F*@k. I hide it with symbols, but you get what I mean. It’s a word. Depending on the context, it can vary from deeply offensive to outrageously funny. Depending on the context. In the last several months alone, public figures, both admired and abhorred (at the same time) have invoked some form of the F bomb. Comedians employ it often, considered nomenclature of the trade. In Beto O’Rourke’s concession speech for the Texas senatorial seat in Congress, he was largely lauded (at least not roundly condemned) for his use of a variant. Others have met severe criticism for their chosen use of the root word.
Most of you are probably unaware, but I dropped the F Bomb at the conclusion of Men’s Event. It was spontaneous. It was meant to be funny. It certainly did not target anyone (even Ohio State fans were not personally offended, I hope). Some found it funny. Many were neutral. While few of the over 500 attendees expressed anger at my choice of words, I am sure some sit in silent disapproval.
My initial stance to potential detractors was of defiance. “It is only a word,” I said. “It is the Men’s Event,” I proclaimed. “Have a sense of humor,” I retorted. In the intervening six weeks since the event, I have spent a significant amount of mental energy reflecting on my concluding statement. This column is my contrition, not because I find the word so offensive nor because of any onslaught of criticism. In fact, revisiting this matter only publicizes it to a largely unaware audience. Why, then, draw attention to it? Because of context.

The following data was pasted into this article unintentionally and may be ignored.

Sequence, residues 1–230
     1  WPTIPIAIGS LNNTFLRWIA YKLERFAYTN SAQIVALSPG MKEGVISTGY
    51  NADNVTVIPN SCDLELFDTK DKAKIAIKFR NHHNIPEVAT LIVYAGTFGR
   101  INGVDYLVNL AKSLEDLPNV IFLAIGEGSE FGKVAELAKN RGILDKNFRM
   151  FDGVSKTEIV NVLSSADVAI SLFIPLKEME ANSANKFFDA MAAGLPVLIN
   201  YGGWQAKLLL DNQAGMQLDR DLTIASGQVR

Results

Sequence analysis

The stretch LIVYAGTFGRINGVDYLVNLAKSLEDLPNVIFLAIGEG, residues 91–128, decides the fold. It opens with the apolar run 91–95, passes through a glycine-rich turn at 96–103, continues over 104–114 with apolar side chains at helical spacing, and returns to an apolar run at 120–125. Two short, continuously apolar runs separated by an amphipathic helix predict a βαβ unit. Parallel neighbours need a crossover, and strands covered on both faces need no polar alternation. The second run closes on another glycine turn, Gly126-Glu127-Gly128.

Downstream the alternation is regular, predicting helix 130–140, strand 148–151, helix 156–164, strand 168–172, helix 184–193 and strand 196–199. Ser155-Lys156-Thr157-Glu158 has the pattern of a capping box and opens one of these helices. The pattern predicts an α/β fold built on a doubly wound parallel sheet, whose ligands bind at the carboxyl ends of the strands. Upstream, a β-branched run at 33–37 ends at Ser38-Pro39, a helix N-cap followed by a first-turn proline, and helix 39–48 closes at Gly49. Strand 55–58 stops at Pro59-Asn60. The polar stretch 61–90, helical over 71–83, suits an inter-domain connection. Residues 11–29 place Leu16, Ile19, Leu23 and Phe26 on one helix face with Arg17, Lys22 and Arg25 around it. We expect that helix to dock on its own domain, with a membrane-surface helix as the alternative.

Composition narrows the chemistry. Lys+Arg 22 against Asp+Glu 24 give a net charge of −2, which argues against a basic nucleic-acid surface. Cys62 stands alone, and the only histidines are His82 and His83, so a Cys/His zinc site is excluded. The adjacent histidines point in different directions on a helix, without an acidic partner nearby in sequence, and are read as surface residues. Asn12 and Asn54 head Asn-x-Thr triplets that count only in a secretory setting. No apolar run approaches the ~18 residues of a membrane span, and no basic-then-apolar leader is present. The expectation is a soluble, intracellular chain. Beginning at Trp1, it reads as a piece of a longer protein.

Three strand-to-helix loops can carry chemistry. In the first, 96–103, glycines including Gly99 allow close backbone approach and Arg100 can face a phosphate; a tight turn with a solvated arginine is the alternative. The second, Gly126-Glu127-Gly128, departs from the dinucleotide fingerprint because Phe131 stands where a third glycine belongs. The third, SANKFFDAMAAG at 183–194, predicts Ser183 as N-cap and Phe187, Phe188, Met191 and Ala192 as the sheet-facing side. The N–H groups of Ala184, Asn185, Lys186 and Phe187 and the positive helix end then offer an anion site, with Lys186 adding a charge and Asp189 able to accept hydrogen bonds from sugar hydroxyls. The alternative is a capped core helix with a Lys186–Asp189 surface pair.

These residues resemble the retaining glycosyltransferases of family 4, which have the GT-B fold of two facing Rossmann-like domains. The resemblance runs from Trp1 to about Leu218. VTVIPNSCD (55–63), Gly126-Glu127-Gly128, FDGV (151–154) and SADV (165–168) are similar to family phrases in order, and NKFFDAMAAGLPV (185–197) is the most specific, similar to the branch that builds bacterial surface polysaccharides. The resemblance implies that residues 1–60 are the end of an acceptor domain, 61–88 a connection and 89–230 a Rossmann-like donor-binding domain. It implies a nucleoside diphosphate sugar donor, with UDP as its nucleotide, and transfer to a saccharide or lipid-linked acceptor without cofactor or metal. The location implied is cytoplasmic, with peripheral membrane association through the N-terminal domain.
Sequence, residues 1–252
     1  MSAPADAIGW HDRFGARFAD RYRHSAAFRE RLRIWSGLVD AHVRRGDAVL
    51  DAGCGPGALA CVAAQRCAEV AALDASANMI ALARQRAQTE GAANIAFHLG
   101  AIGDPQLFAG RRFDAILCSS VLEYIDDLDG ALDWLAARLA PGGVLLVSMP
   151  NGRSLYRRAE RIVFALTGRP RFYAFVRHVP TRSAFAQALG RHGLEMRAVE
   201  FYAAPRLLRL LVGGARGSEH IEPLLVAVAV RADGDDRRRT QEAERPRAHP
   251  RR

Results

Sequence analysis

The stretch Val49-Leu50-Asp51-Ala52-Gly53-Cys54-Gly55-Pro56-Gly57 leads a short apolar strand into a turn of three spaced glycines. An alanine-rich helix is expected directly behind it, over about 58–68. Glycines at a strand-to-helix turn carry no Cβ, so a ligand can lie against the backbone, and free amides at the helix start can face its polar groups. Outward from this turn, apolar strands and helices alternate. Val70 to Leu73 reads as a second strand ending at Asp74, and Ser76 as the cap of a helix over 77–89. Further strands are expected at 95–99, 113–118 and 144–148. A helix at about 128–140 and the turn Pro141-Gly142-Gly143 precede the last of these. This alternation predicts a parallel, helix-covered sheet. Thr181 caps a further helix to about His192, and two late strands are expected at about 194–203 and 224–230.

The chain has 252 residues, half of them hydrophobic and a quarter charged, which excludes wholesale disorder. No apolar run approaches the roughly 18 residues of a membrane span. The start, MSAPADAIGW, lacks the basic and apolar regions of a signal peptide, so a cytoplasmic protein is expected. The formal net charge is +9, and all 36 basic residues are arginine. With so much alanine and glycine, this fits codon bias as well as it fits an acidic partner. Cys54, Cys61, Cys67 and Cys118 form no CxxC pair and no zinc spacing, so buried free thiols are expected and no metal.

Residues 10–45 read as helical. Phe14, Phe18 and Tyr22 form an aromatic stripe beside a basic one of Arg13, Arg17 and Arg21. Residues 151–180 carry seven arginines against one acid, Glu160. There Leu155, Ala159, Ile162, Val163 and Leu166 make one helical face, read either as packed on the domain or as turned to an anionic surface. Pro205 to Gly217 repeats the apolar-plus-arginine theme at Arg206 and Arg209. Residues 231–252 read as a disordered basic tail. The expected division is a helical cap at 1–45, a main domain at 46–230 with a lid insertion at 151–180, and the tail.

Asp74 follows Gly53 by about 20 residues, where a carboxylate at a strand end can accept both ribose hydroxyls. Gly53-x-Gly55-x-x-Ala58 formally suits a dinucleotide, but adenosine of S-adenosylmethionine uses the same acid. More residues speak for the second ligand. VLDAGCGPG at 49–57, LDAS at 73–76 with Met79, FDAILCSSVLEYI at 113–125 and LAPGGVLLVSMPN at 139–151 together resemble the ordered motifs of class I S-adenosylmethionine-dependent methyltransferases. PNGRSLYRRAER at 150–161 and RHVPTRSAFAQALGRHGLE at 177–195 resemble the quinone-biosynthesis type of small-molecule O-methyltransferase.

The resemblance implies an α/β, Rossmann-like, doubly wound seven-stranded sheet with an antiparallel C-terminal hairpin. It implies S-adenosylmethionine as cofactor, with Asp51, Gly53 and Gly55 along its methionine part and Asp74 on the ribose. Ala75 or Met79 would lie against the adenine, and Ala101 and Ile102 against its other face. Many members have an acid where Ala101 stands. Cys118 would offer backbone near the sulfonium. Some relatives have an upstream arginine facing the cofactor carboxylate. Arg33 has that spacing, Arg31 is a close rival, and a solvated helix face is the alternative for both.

The Federation does serious work. The system, with all of its flaws, does more to help Jews in need and ensure our Jewish future than any other in the world. That is serious work. When representing Federation and following an impassioned appeal for Holocaust survivors, the context called for seriousness. My crude comment, while potentially funny in other situations, was not appropriate at that time. And, for that, I apologize to all who support the essential work of Federation, whether you heard me or not. Michael Jeser and I had just introduced our community-wide plan to create a Holocaust Survivor Coalition and had done a good job of doing so. To detract from this important effort was wrong.
I take my role as Federation Board Chair very seriously. I am passionate about what we do and must do for our community. I care deeply about the Holocaust survivor initiative we are pursuing. The impact we, as donors, have on our world is immense. Let us all celebrate and commit to furthering the absolutely critical work we do. It’s serious.